New €7 m project aims to ensure all European aquaculture businesses are sustainable and competitive
PerformFISH was launched in Volos, Greece, last month.
The project received €7 million in funding from the European Union’s Horizon 2020 funding programme.
The project is coordinated by University of Thessaly in Greece and has 27 European participants.
PerformFISH will focus on Gilthead sea bream and European sea bass, as these are the third and fourth most farmed fish species in the EU and their collective value is greater than that of salmon, trout or mussel.
Despite this, the European Commission says production of sea bream and sea bass has been “stagnant for the last decade and the industry faces significant sustainability challenges”.
It is as a result that PerformFISH hopes to increase competitiveness through introducing cost-effective solutions to biological, technical and operational challenges.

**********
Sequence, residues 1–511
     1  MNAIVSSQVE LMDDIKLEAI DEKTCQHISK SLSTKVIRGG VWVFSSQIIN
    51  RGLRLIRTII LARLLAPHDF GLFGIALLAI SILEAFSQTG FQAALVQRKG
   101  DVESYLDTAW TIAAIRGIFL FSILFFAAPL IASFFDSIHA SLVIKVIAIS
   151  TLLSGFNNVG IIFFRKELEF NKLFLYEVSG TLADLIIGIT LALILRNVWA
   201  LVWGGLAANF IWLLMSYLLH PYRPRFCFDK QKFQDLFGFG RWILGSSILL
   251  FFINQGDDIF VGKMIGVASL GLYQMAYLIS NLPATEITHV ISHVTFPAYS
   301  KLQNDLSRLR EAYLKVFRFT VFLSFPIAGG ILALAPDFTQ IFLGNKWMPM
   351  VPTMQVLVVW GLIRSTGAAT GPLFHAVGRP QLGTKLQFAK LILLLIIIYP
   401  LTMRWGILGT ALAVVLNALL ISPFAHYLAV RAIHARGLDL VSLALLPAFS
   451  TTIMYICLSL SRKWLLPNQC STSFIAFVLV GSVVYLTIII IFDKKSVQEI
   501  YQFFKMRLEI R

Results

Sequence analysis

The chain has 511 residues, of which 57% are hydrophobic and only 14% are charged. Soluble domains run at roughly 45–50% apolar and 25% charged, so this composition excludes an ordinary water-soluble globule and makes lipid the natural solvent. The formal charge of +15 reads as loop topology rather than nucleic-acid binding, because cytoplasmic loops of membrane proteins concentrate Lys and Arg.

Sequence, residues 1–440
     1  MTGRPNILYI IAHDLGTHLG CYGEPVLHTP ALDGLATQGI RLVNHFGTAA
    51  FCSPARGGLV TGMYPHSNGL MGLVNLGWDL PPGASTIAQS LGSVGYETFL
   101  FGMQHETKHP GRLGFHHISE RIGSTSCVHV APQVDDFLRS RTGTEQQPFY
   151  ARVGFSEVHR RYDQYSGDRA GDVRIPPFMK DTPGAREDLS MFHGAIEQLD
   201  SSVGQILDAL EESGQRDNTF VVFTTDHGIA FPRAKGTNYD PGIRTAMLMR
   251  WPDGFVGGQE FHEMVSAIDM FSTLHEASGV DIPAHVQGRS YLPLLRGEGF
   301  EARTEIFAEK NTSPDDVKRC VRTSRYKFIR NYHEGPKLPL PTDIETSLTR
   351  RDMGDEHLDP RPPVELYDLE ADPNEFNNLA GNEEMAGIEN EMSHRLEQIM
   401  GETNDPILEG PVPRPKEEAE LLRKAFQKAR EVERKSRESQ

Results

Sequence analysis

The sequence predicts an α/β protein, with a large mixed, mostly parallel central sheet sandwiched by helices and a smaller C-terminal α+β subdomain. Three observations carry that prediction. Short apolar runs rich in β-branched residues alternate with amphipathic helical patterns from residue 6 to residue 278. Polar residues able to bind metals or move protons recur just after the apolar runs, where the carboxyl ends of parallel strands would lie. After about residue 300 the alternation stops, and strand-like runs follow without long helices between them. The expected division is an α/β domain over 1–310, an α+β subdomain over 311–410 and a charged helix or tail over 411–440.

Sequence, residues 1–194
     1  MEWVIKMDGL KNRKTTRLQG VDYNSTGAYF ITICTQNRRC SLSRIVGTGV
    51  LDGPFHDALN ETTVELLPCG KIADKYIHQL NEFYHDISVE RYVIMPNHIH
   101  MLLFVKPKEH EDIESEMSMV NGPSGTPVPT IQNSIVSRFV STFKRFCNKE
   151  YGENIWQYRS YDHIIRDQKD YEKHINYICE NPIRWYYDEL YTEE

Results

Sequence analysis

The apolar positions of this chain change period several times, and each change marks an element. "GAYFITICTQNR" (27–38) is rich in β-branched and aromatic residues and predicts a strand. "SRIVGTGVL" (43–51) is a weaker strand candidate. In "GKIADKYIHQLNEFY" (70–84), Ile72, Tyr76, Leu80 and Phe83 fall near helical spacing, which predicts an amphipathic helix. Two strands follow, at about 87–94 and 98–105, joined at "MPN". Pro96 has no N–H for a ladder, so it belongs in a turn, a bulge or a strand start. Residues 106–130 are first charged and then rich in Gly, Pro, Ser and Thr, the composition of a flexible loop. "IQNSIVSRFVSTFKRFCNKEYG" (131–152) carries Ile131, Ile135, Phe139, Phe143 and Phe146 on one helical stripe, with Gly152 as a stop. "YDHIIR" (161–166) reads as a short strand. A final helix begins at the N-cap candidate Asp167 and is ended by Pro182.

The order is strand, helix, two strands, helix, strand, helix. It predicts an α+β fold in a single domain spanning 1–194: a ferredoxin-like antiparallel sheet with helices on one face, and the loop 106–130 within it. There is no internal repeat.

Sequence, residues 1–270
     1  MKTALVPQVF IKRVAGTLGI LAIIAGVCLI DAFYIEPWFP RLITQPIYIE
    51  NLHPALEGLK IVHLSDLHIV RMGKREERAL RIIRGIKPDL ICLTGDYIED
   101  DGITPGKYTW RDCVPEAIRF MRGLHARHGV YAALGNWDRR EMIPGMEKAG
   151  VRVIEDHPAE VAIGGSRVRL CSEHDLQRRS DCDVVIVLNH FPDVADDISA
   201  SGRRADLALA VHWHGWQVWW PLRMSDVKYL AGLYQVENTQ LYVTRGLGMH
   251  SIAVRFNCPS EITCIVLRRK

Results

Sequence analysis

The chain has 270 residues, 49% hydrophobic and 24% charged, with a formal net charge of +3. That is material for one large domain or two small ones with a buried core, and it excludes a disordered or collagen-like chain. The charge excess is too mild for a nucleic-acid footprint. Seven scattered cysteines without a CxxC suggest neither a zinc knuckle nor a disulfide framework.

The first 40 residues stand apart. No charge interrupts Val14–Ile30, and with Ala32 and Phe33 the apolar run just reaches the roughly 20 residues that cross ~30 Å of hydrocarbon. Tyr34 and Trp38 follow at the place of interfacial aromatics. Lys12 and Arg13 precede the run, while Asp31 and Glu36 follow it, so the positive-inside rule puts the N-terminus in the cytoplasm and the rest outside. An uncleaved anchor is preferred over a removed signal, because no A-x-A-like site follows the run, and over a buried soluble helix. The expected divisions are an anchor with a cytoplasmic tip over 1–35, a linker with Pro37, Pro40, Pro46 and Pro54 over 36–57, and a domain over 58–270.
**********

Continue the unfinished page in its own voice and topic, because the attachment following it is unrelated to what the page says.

“PerformFISH is an important and timely project for the sector as solutions are needed to tackle some of the underlying causes behind the current stagnation of the Mediterranean marine fish farming sector,” said Dr Katerin Moutou, PerformFISH Coordinator from the University of Thessaly.
“We have brought together leading researchers and industry across Europe to co-design this innovative project to directly address the needs of the sector. This research-industry collaboration is truly unique and it is very exciting to see what we can achieve working together.”
With a multi-stakeholder, multi-disciplinary consortium, the European Commission hopes that new knowledge will be generated and applied to fisheries across Europe.
It is also hoped that the project will address social and environmental responsibility and contribute to ‘Blue Growth’ – the term given to the long term strategy to support sustainable growth in the marine and maritime sectors.
According to the European Commission, Blue Growth is the maritime contribution to achieving the goals of the Europe 2020 strategy for smart, sustainable and inclusive growth.
The blue economy currently generates a gross added value of almost €500 billion per year, but the Blue Growth strategy aims (1) to develop sectors that have a high potential for sustainable jobs and growth, (2) provide knowledge, legal certainty and security in the blue economy and (3) ensure tailor-made measures and to foster cooperation between countries.